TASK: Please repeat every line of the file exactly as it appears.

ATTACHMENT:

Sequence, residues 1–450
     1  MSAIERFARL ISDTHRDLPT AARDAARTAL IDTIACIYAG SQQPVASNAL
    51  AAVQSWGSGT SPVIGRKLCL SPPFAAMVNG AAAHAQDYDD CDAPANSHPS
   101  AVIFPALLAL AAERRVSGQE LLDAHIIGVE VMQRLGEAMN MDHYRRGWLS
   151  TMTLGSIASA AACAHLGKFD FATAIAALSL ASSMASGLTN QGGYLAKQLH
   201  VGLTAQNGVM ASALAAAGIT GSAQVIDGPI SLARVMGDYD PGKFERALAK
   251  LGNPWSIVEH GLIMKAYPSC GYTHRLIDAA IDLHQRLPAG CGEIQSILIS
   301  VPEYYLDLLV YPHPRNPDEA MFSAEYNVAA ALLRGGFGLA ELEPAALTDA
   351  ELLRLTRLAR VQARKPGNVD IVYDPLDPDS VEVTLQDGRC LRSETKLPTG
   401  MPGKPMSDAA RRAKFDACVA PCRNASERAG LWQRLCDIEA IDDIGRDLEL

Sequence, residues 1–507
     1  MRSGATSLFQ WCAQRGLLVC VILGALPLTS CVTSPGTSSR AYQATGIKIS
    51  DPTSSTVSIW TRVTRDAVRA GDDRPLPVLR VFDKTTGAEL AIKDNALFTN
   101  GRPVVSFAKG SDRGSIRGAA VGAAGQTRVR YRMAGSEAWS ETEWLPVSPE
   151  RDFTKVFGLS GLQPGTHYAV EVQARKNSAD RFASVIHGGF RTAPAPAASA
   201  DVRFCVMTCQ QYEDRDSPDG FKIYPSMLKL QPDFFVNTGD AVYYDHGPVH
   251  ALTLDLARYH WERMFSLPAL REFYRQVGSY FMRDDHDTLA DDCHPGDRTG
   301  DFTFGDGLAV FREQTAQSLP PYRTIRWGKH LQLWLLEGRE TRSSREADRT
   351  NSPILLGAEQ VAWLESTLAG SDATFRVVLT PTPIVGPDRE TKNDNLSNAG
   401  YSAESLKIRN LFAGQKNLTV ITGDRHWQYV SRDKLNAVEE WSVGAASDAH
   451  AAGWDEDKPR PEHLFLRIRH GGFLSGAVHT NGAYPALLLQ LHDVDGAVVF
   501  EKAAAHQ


Sequence, residues 1–450
     1  MSAIERFARL ISDTHRDLPT AARDAARTAL IDTIACIYAG SQQPVASNAL
    51  AAVQSWGSGT SPVIGRKLCL SPPFAAMVNG AAAHAQDYDD CDAPANSHPS
   101  AVIFPALLAL AAERRVSGQE LLDAHIIGVE VMQRLGEAMN MDHYRRGWLS
   151  TMTLGSIASA AACAHLGKFD FATAIAALSL ASSMASGLTN QGGYLAKQLH
   201  VGLTAQNGVM ASALAAAGIT GSAQVIDGPI SLARVMGDYD PGKFERALAK
   251  LGNPWSIVEH GLIMKAYPSC GYTHRLIDAA IDLHQRLPAG CGEIQSILIS
   301  VPEYYLDLLV YPHPRNPDEA MFSAEYNVAA ALLRGGFGLA ELEPAALTDA
   351  ELLRLTRLAR VQARKPGNVD IVYDPLDPDS VEVTLQDGRC LRSETKLPTG
   401  MPGKPMSDAA RRAKFDACVA PCRNASERAG LWQRLCDIEA IDDIGRDLEL

Sequence, residues 1–507
     1  MRSGATSLFQ WCAQRGLLVC VILGALPLTS CVTSPGTSSR AYQATGIKIS
    51  DPTSSTVSIW TRVTRDAVRA GDDRPLPVLR VFDKTTGAEL AIKDNALFTN
   101  GRPVVSFAKG SDRGSIRGAA VGAAGQTRVR YRMAGSEAWS ETEWLPVSPE
   151  RDFTKVFGLS GLQPGTHYAV EVQARKNSAD RFASVIHGGF RTAPAPAASA
   201  DVRFCVMTCQ QYEDRDSPDG FKIYPSMLKL QPDFFVNTGD AVYYDHGPVH
   251  ALTLDLARYH WERMFSLPAL REFYRQVGSY FMRDDHDTLA DDCHPGDRTG
   301  DFTFGDGLAV FREQTAQSLP PYRTIRWGKH LQLWLLEGRE TRSSREADRT
   351  NSPILLGAEQ VAWLESTLAG SDATFRVVLT PTPIVGPDRE TKNDNLSNAG
   401  YSAESLKIRN LFAGQKNLTV ITGDRHWQYV SRDKLNAVEE WSVGAASDAH
   451  AAGWDEDKPR PEHLFLRIRH GGFLSGAVHT NGAYPALLLQ LHDVDGAVVF
   501  EKAAAHQ